Original Opinion piece by USA Today
This posting will be the first of two I’ll be writing related to this USA Today opinion piece printed in the Gazette. As you might suspect, it will be covering questions the “200,000 souls” might be asking that weren’t covered.
“Why were Covid-19 positive patients sent to our nursing home?”:
Five states in particular, including New York, Pennsylvania, New Jersey, Michigan and California are reported to have required nursing homes to accept patients that were suspected of having or had tested positive for the Covid-19 virus. In New York’s case, the governor still required nursing homes to accept them, even after the nursing home industry objected saying they weren’t able to properly handle those patients and protect their resident’s safety. At least four of those states had a high percentage of their Covid-19 deaths from nursing homes. Many of those deaths occurred in the nursing homes, but others were transferred to hospitals where they died. So the exact number who died from these directives is unknown. Inquiries have been opened up to look into this issue. I suspect that at least some of those who died in nursing homes in those states might be asking “Would I still be alive if Covid-19 positive patients hadn’t been admitted to my nursing home?” Answering questions arising from this might give us insight into the motivation, but it will do little to ease the minds of those souls who died as a result.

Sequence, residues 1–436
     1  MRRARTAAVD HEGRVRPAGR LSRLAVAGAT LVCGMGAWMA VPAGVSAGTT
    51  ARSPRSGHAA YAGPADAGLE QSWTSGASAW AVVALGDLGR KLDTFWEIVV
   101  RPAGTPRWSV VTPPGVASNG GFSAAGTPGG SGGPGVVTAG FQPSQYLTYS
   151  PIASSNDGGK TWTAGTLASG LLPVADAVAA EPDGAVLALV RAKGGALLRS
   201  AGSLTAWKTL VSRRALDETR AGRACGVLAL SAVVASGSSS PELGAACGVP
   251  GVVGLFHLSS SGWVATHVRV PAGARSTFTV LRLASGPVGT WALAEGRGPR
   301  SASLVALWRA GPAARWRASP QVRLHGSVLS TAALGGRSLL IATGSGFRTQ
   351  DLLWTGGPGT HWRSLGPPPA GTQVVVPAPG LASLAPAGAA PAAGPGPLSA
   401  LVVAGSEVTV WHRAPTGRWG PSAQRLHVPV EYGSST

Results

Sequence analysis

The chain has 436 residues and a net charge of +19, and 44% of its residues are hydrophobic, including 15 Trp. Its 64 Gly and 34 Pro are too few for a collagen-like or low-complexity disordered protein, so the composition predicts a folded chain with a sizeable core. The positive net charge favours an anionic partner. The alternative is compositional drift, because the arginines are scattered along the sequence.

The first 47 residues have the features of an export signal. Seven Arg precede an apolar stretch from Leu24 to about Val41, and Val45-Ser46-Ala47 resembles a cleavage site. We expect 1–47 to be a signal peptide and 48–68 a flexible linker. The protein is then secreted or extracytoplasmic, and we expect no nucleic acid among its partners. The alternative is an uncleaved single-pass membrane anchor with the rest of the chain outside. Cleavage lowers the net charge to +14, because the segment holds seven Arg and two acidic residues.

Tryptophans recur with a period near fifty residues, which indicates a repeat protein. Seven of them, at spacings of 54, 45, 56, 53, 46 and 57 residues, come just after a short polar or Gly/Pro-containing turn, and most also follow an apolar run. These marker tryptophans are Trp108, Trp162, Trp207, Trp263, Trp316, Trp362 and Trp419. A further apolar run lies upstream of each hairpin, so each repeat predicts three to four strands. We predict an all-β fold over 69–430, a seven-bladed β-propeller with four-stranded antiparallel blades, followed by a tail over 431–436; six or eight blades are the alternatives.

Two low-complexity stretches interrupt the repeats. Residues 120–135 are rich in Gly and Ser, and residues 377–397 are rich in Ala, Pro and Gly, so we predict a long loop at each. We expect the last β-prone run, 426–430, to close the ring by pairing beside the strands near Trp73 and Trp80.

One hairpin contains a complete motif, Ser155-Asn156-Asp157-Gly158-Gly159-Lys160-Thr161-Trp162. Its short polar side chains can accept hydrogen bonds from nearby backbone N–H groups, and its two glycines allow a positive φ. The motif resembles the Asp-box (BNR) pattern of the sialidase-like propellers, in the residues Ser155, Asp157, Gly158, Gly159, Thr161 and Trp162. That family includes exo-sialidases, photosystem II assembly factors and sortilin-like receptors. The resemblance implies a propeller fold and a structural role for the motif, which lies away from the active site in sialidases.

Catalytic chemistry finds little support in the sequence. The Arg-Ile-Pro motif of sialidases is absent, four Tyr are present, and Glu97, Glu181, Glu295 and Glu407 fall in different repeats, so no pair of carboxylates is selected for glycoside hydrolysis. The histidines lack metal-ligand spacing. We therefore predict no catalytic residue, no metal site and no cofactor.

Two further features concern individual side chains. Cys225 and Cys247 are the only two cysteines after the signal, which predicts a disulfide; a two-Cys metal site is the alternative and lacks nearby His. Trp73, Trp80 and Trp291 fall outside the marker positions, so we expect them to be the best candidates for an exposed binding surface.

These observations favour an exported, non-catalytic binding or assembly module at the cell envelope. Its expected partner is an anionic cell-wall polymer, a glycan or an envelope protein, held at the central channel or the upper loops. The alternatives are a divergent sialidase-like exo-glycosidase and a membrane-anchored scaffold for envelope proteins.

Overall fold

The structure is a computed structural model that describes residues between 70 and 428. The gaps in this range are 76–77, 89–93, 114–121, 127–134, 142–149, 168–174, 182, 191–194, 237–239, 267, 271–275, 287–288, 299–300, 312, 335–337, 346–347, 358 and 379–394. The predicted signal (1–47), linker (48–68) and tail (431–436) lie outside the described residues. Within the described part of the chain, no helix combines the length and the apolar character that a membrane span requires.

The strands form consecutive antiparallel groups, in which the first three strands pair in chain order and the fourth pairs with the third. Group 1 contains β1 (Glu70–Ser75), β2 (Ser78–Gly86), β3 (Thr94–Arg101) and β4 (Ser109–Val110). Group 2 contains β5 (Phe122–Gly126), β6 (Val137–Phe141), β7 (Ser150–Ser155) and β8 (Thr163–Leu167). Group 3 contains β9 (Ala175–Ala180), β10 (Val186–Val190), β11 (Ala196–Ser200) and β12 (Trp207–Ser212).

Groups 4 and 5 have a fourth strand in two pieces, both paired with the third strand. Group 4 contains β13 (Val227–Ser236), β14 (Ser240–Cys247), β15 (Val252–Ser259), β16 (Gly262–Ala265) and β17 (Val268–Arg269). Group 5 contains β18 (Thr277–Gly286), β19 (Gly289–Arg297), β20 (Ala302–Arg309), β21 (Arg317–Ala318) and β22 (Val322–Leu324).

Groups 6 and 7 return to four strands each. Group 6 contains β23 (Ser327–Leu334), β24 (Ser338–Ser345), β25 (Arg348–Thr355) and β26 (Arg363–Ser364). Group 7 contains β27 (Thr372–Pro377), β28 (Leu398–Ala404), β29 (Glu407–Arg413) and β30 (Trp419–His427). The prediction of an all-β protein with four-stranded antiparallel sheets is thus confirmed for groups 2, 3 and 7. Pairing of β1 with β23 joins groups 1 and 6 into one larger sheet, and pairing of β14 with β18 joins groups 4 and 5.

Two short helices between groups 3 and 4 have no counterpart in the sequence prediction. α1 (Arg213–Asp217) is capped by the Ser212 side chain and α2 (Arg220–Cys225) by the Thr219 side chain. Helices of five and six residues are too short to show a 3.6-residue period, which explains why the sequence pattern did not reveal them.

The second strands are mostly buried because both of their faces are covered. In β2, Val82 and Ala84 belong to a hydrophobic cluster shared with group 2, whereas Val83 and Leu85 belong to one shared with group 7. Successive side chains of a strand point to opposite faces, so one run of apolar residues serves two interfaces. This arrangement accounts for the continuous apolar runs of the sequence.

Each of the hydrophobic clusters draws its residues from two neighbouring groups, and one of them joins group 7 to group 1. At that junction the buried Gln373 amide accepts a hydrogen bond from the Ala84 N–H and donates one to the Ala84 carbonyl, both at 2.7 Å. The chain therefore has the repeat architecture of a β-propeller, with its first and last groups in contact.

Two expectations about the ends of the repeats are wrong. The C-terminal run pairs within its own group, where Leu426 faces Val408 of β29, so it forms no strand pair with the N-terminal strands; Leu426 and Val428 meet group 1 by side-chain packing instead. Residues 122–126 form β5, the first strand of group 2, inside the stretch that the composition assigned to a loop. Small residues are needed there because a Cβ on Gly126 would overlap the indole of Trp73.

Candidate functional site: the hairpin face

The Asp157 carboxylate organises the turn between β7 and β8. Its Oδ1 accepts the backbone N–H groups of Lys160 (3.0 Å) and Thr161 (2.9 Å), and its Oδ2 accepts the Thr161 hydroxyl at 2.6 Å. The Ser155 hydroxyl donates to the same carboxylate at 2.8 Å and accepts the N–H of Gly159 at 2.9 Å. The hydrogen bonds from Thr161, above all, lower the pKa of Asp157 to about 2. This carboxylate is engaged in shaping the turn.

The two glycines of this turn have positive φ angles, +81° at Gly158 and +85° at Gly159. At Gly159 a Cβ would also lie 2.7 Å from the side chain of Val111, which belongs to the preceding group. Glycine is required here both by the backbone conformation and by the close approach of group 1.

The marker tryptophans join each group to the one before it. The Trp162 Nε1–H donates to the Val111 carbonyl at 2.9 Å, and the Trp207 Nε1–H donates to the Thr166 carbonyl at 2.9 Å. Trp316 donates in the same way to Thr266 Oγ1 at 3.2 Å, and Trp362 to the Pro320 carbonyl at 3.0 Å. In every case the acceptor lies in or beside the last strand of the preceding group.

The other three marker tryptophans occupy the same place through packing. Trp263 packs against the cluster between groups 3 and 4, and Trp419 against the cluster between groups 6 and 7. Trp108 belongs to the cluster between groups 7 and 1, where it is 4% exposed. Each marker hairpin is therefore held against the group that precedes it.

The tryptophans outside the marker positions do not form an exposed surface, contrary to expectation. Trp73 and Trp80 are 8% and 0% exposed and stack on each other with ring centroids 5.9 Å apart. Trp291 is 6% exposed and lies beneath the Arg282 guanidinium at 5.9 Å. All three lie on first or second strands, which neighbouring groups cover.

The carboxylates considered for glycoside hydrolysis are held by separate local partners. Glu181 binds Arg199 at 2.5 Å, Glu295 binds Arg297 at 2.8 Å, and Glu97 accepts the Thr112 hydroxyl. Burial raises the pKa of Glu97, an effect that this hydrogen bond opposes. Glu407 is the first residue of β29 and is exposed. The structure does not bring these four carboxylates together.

“Why wasn’t I treated with a Hydroxychloride regiment?”
President Trump was highly criticized for taking a regiment including hydroxychloride as a preventive against the Covid-19 virus. At the same time, Detroit’s Henry Ford Hospital was using it to help protect frontline staff. Many doctors in private practice were also using it as a treatment for their Covid-19 virus patients and reporting very positive results. Just one story relayed by Fox News’ Medical Director, Dr. Seigel, related to how his father had recovered from the virus after receiving a Hydroxycloride regiment and recovered despite having been gravely ill. More reports from around the world are coming in how patients have responded positively once treated with it. I can only imagine that some of the “200,000 souls” who were denied the treatment might be asking “Is it possible I would still be alive if I had been treated with Hydroxychloride?” and “Why wasn’t I allowed to make the decision?”
USA Today states “Much of the blame lies at the hands of an astonishingly incompetent and politically motivated Trump administration…”. They then go on to blame many in the public “…manipulated by news organizations that profit from reinforcing people’s ill-informed opinions.” How true that statement is. But I suspect USA Today wasn’t commenting on their reporting. But maybe it is a case of “the Pot calling the kettle a very dark shade of gray“?
Note: In 1983 a prospective payment system was introduced into the Medicare program. Prior to that hospitals were reimbursed “cost” of caring for Medicare patients as determined by an annual cost report. A key component of the new program was the implementation of much tougher hospital admission criteria. This resulted in sicker patients remaining in nursing homes. However nursing homes weren’t necessarily prepared to keep those patients or properly reimbursed in order to increase the level of care available in their facilities. This has been an ongoing issue ever since.